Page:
By Don Pelton
For some reason this article (mentioned on Facebook by our daughter) reminds me that my mom, when she died at age ninety, left us a whole chest-of-drawers full of unsewn fabric (future projects, I suppose). Not as old as 3,000 years, but many decades’ worth.
In the days before she died, when she lapsed into some sort of dream state, we watched as she lay on her back in bed, holding her hands aloft in a series of beautiful gestures that looked for all the world as if she were sewing something in her imagination. Sewing was the core of her creative life, and I imagine she was finishing up her work on her soul — a beautiful garment indeed — in those final days.
The Katmai bear cam is back
Explore.org is once again live streaming brown bears as they fish for salmon at Katmai National Park and Preserve.
Looking for your nature fix? The Katmai bear cam has you covered.
Explore.org has once again partnered with Alaska’s Katmai National Park and Preserve, providing live streaming footage throughout the summer of the park’s most famous residents, its bears.
Now in its fifth year, the bear cam spotlights the creatures as they fish for salmon. Nearly 2,500 people were live streaming from one of the cameras Wednesday afternoon.
“It tends to be the most popular cam at Explore,” said Zach Servideo of Fabric.Media, which works with Explore, in a recent interview. “It’s pretty insane. There are already 60,000 comments and we can have hundreds of thousands of viewers in a matter of hours.”
See more at the Katmai Bear CAM website.
By Don Pelton
As I understand it, Sacramento’s CBS13 News Live Reporter Kelly Ryan this morning had “mixed results” when attempting to find someone in the City of Grass Valley willing to be interviewed about the Whispering Pines Brewery proposal.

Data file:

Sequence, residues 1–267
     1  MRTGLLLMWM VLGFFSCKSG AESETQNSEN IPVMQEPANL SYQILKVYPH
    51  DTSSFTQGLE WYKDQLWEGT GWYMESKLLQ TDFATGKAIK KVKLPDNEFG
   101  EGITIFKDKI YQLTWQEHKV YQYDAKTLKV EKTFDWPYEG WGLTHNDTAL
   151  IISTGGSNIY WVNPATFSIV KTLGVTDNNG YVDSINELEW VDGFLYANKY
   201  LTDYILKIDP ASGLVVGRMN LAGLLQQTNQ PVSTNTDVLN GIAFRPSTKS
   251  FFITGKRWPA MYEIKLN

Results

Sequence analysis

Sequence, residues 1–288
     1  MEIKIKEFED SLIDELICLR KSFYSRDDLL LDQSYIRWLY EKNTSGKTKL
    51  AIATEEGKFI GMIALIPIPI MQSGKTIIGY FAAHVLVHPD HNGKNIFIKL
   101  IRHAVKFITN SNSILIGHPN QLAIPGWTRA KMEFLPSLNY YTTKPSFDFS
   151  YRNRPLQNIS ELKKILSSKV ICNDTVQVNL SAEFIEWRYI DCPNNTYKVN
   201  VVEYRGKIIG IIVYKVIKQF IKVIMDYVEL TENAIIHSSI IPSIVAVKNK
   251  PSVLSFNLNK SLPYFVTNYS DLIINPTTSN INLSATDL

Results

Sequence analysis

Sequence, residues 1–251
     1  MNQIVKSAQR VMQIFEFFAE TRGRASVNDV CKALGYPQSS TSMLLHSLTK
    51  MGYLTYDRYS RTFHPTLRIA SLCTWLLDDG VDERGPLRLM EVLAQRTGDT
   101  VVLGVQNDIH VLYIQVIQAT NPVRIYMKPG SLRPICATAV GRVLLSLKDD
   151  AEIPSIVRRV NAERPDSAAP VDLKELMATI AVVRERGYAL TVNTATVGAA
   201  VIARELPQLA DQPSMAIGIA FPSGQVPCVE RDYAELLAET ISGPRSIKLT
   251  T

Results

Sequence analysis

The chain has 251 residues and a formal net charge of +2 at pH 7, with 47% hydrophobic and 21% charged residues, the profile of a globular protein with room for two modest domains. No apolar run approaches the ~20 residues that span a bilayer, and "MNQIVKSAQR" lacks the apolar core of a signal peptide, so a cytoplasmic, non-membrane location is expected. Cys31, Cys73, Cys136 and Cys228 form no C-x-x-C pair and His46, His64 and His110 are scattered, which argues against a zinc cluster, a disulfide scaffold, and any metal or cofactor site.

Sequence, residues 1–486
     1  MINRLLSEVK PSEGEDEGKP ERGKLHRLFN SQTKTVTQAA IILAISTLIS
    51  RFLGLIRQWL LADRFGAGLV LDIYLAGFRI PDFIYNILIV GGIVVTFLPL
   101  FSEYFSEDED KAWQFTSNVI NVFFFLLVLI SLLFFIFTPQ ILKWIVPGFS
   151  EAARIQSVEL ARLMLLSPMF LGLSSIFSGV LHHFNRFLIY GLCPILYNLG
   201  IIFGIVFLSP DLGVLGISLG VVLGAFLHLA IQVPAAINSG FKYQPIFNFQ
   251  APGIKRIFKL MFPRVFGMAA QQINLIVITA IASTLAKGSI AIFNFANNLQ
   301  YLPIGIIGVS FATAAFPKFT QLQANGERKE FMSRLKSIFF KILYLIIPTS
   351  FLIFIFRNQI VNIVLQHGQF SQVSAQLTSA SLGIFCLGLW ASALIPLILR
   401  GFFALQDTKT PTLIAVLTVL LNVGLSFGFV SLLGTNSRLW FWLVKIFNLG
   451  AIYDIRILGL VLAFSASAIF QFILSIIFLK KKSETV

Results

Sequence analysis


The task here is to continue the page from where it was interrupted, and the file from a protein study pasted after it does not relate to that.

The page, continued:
Here, however, is the CBS13 brief report (snipped from their 10pm broadcast) that includes an interview with Dan Ketcham of CARD (Citizens Advocating Responsible Development), the local citizens’ group that initiated a lawsuit over the issue:
By Don Pelton
Attorney Michael W. Graf, representing local citizens’ group, Citizens Advocating Responsible Development (CARD), yesterday filed a petition in Nevada County Superior Court challenging the City of Grass Valley’s “actions on May 10, 2016 and May 24, 2016 approving Text Amendments of the Whispering Pines Specific Plan SP-1A Corporate Business Park designation.” Graf, in his notice to the City, added that “petitioner’s actions will include claims under the California Environmental Quality Act (CEQA).”
The complete “Petition for Writ of Mandate” plus associated documents filed yesterday (including Graf’s notice to the City) can be read in their entirety here.
As I reported on May 11th (see “Grass Valley City Council Ignores CEQA Guidelines in Last Night’s Whispering Pines Decision“), the “Grass valley City Council last night voted 3 (Jason Fouyer, Howard Levine, Ben Aguilar) to 2 (Jan Arbuckle, Lisa Swarthout) to adopt an ordinance that includes (1) amendments to the Whispering Pines Business Park Specific Plan and (2) the adoption of a Negative Declaration as ‘the appropriate level of environmental review’ of these amendments.”